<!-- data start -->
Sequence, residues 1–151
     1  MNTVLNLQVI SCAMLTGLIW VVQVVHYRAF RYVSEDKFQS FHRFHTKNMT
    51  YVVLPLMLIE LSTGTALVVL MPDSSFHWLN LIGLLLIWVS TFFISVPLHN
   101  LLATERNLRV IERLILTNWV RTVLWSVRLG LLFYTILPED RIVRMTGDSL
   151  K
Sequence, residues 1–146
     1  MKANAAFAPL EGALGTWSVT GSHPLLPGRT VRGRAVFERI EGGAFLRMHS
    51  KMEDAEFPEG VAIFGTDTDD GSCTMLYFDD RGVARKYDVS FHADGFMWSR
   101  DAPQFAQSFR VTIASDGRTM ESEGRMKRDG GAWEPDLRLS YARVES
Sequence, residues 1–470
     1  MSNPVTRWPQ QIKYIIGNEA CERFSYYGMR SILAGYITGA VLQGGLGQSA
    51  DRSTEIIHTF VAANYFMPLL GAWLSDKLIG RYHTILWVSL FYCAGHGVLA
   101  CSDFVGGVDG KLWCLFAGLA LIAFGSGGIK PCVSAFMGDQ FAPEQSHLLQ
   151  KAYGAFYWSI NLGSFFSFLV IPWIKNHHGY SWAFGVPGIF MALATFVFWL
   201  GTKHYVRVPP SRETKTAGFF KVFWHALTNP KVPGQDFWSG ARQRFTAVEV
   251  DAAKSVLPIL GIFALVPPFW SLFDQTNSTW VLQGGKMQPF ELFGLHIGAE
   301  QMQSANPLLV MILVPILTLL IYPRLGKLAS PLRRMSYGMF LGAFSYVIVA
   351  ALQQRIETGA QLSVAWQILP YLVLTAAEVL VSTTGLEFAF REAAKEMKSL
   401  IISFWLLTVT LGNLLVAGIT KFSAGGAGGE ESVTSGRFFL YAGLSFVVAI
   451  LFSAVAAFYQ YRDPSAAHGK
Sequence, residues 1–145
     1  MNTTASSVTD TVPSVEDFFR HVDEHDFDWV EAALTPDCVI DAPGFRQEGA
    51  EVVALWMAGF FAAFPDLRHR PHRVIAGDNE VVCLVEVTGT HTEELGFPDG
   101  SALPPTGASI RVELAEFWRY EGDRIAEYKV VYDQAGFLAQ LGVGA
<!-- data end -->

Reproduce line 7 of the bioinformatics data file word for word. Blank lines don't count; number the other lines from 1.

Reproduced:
     1  MKANAAFAPL EGALGTWSVT GSHPLLPGRT VRGRAVFERI EGGAFLRMHS